There are no names on the cross, no fancy markings and the inscription is barely legible yet this simple headstone marks the mass grave of forty three ‘strangers’ who died from cholera in 1849.
Cholera had been sweeping the British Isles for two years, thriving amongst the squalid conditions of the lower classes and killing up to 2,000 people each week. One of the worst hit sectors were Kent’s hop pickers who lived, if they were lucky, in a twelve foot square hut made from brick or corrugated tin each September. Straw covered the floor and up to ten people squeezed into each hut. Primitive communal washing and cooking facilities were on offer but despite the pickers’ attempts to keep themselves and their huts clean, illness was rife.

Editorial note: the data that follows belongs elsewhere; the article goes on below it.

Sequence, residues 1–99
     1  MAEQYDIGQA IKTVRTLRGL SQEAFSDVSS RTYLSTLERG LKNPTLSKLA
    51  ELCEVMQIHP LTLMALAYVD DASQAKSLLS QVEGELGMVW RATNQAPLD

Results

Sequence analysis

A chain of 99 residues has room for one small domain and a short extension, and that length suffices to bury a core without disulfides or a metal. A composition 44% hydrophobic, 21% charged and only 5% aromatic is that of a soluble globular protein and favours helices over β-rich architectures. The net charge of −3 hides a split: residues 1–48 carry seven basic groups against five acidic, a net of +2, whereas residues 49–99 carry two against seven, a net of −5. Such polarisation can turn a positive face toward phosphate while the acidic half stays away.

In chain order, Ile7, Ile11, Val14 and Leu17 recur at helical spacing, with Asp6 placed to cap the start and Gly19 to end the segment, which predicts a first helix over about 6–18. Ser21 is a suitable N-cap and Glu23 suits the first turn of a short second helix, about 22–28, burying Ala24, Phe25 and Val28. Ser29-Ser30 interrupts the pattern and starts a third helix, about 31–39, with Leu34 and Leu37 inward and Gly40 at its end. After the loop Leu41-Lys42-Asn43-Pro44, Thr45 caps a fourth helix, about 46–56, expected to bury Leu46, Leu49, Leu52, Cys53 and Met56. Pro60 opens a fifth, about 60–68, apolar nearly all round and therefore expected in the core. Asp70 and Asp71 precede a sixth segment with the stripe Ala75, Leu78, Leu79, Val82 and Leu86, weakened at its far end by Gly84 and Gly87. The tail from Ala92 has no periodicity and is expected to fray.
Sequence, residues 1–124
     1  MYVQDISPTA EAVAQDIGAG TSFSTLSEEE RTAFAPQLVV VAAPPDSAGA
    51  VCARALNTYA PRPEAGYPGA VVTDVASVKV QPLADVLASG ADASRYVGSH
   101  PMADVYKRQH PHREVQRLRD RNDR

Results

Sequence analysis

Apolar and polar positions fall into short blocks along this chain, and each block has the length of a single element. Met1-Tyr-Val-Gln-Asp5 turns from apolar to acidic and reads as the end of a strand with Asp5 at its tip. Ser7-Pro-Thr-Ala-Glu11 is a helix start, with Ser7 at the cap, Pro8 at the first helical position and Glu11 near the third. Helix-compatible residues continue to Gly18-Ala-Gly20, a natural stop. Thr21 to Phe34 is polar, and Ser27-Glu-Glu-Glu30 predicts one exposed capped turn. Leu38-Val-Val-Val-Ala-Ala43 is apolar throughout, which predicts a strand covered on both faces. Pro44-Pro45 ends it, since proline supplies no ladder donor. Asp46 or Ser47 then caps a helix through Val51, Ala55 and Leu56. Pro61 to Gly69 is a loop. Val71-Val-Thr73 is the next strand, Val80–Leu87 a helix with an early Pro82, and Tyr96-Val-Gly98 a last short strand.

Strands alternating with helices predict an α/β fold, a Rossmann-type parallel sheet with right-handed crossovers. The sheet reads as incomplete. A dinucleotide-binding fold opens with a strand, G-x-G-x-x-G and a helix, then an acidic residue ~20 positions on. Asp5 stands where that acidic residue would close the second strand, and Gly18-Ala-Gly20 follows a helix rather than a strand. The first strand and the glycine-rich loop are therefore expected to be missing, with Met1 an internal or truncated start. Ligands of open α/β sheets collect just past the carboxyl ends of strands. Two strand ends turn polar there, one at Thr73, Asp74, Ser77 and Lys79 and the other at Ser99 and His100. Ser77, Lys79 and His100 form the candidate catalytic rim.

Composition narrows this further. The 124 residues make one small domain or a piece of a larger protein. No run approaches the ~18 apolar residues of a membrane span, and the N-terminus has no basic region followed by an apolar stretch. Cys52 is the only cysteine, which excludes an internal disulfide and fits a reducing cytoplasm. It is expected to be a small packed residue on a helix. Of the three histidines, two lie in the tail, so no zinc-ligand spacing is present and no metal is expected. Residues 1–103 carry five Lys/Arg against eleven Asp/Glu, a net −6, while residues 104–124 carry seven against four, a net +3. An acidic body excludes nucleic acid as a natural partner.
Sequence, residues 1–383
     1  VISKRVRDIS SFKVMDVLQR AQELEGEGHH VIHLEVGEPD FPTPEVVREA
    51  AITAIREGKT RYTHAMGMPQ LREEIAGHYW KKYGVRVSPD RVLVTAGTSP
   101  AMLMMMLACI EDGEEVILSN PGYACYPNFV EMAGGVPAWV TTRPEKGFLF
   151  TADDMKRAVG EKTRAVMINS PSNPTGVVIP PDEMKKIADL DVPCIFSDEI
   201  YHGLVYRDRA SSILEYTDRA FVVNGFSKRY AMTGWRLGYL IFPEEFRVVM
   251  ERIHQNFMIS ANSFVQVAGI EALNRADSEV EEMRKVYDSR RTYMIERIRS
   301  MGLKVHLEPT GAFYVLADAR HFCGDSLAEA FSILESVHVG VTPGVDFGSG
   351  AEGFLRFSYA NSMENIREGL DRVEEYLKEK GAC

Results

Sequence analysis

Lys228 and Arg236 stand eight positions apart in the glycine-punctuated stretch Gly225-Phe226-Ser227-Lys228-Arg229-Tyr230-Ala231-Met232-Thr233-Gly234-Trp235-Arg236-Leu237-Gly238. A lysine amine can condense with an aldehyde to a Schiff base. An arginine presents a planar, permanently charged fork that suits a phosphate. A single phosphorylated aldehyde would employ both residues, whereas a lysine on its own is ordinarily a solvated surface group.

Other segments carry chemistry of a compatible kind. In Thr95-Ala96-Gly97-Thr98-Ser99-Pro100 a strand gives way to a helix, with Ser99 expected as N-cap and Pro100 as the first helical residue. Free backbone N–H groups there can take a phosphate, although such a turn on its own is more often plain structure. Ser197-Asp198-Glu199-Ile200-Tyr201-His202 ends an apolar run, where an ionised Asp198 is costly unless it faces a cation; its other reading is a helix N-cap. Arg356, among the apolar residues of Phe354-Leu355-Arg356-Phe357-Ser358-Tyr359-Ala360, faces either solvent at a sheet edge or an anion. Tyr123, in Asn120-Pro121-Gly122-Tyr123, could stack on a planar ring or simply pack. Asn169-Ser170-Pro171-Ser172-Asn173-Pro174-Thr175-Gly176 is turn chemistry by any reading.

Pickers, known as ‘strangers’, came from all over. Many travelled down from the East End but it’s believed the people now buried…
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